After one breakdown of tears and hyperventilating, the owner confessed, “Seeing all the changes made me feel like a failure. I am someone whose supposed to have the answers for everything because it’s my business, right?”
This attitude is incredibly detrimental to an entrepreneur for a few reasons. First, you’ll end up investing a lot more time, money and energy in figuring out how to do everything yourself rather than humbly ask for help and while you may find the right solution eventually it will cost you more grief than necessary.
Second, the owner who tries to be the expert in ‘everything’ closes herself off to the wealth of knowledge and opportunity around her business. Team members, colleagues, courses, feedback – these are all opportunities to learn and grow. Closing yourself off because “it’s my business” will limit your growth potential.
Third, you cannot manage the vision of your business, the marketing and growth so you can serve more people if you’re constantly nitpicking. This was something Tabatha picked up on right away when she asked:
“There’s a big difference between managing something and micromanaging. Do you do that?”
Consider your interactions with your team – do you always find something they can do better? Do you feel that they will never be good enough?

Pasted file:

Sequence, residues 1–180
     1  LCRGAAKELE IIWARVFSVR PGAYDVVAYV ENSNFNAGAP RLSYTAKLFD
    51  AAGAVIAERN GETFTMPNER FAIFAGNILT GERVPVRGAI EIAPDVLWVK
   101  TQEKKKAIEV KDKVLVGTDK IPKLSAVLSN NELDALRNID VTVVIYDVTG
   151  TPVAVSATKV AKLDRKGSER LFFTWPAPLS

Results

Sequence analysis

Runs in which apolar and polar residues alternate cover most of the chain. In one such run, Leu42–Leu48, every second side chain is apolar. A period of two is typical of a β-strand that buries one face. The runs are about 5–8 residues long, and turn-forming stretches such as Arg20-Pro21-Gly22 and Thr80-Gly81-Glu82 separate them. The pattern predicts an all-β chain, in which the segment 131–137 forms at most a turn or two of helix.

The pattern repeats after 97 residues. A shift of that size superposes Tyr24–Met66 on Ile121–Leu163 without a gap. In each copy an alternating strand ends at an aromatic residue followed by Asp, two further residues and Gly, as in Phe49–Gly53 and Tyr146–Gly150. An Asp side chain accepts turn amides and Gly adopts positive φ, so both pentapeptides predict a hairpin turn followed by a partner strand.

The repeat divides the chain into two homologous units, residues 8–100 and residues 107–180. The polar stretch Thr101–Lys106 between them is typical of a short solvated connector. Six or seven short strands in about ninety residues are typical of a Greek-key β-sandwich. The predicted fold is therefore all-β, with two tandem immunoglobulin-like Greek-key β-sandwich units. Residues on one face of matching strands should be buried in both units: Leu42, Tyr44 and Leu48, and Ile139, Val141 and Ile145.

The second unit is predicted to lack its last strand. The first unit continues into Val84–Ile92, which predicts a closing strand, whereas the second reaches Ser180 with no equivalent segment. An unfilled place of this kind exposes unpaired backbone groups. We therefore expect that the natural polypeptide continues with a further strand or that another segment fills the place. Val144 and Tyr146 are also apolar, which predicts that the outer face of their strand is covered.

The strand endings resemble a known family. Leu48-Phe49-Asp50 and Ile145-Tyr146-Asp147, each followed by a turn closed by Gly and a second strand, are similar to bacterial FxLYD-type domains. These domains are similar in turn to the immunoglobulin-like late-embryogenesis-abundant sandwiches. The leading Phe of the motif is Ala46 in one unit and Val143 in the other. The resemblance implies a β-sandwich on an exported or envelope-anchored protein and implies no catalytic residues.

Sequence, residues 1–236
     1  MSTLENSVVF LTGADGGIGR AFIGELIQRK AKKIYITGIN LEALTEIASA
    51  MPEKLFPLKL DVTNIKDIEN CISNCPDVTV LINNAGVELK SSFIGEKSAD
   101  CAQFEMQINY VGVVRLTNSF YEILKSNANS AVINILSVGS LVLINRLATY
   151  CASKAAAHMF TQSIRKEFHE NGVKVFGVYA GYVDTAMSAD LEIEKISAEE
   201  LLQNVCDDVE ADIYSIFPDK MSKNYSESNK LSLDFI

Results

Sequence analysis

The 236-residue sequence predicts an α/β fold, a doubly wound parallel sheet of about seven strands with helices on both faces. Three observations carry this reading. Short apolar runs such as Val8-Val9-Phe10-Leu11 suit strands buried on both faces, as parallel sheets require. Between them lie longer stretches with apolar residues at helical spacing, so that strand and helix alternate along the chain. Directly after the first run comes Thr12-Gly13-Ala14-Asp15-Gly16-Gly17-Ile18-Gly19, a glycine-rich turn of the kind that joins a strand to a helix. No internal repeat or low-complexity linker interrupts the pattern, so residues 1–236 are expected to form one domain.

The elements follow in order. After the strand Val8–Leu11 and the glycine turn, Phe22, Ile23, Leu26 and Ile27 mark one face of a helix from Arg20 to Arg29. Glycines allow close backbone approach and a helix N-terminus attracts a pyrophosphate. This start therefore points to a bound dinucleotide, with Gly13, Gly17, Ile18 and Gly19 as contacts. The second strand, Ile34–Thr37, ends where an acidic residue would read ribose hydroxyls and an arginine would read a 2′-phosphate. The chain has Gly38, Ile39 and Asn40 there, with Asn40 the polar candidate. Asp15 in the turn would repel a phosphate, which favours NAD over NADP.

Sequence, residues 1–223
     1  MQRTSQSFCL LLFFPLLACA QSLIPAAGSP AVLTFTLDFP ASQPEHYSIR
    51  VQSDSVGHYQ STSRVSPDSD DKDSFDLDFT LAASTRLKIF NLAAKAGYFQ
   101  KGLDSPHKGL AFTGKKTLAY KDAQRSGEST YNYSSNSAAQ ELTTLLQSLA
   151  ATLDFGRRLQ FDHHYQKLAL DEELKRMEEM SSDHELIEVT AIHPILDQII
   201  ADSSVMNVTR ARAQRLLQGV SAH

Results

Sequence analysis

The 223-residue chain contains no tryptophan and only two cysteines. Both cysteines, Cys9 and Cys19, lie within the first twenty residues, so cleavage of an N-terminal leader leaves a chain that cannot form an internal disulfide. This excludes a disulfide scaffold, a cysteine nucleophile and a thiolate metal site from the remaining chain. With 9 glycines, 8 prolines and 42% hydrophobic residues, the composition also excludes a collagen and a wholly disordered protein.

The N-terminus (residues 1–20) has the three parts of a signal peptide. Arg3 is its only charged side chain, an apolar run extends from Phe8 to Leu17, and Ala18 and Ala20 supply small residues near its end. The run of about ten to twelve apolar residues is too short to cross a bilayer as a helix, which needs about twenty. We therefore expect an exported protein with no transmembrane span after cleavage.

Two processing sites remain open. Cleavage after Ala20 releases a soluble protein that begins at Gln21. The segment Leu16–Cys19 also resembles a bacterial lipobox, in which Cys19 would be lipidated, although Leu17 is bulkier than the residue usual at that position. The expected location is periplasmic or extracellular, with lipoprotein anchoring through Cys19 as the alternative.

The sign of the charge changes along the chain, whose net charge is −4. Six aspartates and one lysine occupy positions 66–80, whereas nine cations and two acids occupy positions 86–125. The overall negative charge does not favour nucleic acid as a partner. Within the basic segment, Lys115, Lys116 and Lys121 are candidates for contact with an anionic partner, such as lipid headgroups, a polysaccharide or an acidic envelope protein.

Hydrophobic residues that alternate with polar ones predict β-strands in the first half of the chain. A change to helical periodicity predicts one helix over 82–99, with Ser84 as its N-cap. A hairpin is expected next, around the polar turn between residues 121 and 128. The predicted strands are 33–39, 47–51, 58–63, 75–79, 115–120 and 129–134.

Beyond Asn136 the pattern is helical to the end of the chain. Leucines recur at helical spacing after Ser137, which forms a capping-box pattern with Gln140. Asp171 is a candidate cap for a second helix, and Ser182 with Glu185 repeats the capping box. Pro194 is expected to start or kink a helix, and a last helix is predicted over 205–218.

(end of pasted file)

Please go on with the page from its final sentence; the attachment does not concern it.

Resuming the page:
It’s very demoralizing to hear constant criticism and expectations of perfection.
This is not to say that you should be ‘rah rah everything is fine’ ignorant but there has to be balance. Give a compliment to your team without adding “but next time…” at the end. Consider how far someone in your training has come and be honest about their growth.
If a team member is truly ignoring your process, unwilling to grow and refuses to follow direction then something must be done. But don’t treat your employees as if they are children who need to be guided every minute of the day when they’ve proven themselves capable and earned your trust.
The fourth way this attitude of “I can do it myself!” is detrimental is probably the most important. Tabatha said it best:
“Your team is hungry. Hungry for someone to lead them, not preach at them! Give them motivation, let them see your passion, lead by example!”
Enabling the team to see your vision and passion for the work is critical. And when you have the right team who understand your reason for being in business and they see that you’re open and receptive to learning you may be surprised.
In the episode, Tabatha was astonished to see the front desk coordinator out marketing the salon, greeting new clients and acting drastically different than the rude, robotic person she’d observed on day 1. With the stifling rules gone, the coordinator stepped up and took a leadership role, helping to grow the business in the following months.
It’s interesting to me that even the style of the show itself has changed and shifted since the first episode. Having a system and making improvements is healthy for a business and can help you reach your goals. In doing so, enable and empower a team to support your goals and bring their expertise.Continue reading...